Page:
By Dr. Katie E. Golden, MD

Social distancing and quarantining have translated to considerable lifestyle changes for most of us, and along with all the other challenges presented by the pandemic, we have seen an increase in patients presenting with muscle and joint pain. More specifically, I have noticed an increase in patients who are experiencing pain from tendon irritation, a condition called ‘tendinopathy’. Tendinopathies are painful, nagging, and can occur in multiple different areas: shoulders, elbows, wrists, hips, knees, ankles. So let’s review what it is, why it happens, and what you can do to help keep your tendons healthy during your daily routine of endless zoom calls, at-home yoga, second grade math tutorials, or re-organizing your pantry for the 7th time this year.

What is tendinopathy?

A tendon is a thick piece of fibrous tissue that connects muscles to bone. The achilles tendon, for example, attaches the calf muscle (gastrocnemius) to the heel (calcaneus). They are made of connective tissue that is both flexible and strong. They contain nerves but significantly less blood vessels than muscle . . . this means when they are injured, they hurt like a strained muscle, but also take much longer to heal.

Tendinopathy used to be referred to as ‘tendonitis’, given they were presumed to be from inflammation in the tendon. This is different from a tear or rupture of a tendon, which suggests a disruption of the tissue, and often results from trauma. More recent analyses of painful tendons (from surgical biopsies) were more consistent with an abnormal healing response and scar tissue than inflammation, thus ‘tendonitis’ fell out of favor and ‘tendinopathy’ became the new hip term. (Hip! get it? who said anatomy wasn’t fun . . . )

Before we get too far into the weeds of a science lesson, tendinopathy can be simply defined as a persistent pain in a specific tendon that typically arrives from overuse or abnormal strain on the tendon.

Why does it develop?

A tendinopathy is typically an overuse injury, and results from repetitive use and ‘microtrauma’ to the tendon. Several factors can contribute to abnormal stress being placed on a tendon:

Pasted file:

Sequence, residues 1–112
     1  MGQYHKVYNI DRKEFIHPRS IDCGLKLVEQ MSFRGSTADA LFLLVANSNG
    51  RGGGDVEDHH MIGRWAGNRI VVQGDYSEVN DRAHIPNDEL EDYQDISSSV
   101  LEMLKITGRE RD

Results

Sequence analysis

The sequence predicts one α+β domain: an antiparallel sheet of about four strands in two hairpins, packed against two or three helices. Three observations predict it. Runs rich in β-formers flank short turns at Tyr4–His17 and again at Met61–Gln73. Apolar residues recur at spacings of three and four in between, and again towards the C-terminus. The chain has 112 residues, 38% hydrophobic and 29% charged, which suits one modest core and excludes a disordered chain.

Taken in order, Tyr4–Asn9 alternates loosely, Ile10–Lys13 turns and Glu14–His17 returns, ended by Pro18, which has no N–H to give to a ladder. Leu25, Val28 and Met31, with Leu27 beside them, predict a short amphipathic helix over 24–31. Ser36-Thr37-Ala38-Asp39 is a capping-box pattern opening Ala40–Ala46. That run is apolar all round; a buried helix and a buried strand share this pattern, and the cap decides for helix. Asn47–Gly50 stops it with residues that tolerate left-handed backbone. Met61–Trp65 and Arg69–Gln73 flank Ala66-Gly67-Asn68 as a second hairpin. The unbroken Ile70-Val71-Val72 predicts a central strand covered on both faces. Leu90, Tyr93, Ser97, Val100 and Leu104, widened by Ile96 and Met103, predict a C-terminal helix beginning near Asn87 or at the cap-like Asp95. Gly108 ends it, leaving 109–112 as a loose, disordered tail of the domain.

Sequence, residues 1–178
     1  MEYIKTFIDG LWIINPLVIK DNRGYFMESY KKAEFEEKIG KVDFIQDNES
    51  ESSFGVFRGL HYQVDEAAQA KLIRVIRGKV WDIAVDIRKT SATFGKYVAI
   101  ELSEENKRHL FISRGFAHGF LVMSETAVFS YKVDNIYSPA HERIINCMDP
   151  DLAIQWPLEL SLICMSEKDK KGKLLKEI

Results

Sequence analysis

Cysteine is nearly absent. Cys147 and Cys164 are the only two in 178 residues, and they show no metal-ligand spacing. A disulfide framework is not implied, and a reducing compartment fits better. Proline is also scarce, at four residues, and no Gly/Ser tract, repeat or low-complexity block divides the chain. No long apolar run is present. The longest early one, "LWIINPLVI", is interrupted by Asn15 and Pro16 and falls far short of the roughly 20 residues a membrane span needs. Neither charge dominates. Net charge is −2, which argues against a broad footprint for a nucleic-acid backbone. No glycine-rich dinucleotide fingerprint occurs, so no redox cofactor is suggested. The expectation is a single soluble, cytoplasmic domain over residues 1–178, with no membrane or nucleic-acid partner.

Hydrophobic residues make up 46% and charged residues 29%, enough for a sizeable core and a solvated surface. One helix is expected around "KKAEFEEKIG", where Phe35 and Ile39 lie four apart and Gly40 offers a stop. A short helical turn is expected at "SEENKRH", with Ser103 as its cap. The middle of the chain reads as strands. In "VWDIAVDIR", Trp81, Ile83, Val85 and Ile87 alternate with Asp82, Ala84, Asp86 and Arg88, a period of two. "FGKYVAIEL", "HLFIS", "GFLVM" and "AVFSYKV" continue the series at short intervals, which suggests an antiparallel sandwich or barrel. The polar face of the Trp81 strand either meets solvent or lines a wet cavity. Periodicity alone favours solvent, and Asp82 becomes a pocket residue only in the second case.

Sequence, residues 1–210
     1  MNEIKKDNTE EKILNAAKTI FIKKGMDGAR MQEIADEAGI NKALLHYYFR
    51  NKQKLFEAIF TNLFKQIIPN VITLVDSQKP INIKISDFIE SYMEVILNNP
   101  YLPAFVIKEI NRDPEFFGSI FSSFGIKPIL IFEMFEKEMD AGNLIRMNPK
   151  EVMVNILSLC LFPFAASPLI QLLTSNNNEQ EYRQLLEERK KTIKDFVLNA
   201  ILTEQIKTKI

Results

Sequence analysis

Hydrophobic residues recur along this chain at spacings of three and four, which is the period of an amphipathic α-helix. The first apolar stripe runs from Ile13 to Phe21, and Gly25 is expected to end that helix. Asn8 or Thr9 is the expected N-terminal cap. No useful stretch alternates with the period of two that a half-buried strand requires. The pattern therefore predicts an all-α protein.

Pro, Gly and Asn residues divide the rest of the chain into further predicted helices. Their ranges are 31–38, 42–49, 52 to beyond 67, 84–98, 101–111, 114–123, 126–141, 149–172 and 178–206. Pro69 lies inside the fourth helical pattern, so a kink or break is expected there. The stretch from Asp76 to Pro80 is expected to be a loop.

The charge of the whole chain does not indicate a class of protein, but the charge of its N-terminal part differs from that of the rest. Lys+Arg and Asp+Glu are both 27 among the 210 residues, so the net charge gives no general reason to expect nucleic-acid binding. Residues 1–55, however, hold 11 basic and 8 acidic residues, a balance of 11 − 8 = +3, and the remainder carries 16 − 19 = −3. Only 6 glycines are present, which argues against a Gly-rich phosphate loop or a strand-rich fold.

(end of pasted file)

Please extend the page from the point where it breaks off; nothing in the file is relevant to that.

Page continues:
• Recreational sports or repetitive exercise routines, particularly in patients over 35 (no one is calling your tendons old, however, they become less flexible as they age)
  • Changes in the body’s mechanics (weight gain or loss, injuries that place increased stress or mechanical load on nearby or opposing joints, normal variations in posture and body types such as hip width or high foot arch)
  • Hormonal changes (drops in estrogen levels, seen after a woman gives birth or during menopause, seem to pose a risk for tendon pain and abnormalities)
  • Chronic medical conditions (diabetes, high cholesterol, and kidney failure are all associated with increased risk of tendinopathy)
  • Medications (fluoroquinolone antibiotics, steroids, statins, and aromatase inhibitors are all guilty of increasing the risk for tendinopathy)

With your newly gained knowledge about tendons, you can make some guesses as to why COVID has led to increased cases of tendinopathy (by my own, unofficial, and anecdotal assessment). I suspect it may be due to a combination of increased time spent in less than ideal ergonomic positions (translation – sitting at desks, bodies bent over phones and zoom calls, non-stop Netflix marathons on the couch), repetitive movements in new home exercise routines (I’m looking at you, Peloton enthusiast), and last but not least, the undeniable contribution of psychosocial stress to musculoskeletal pain. And maybe too much time to think about new sources of pain or health threats.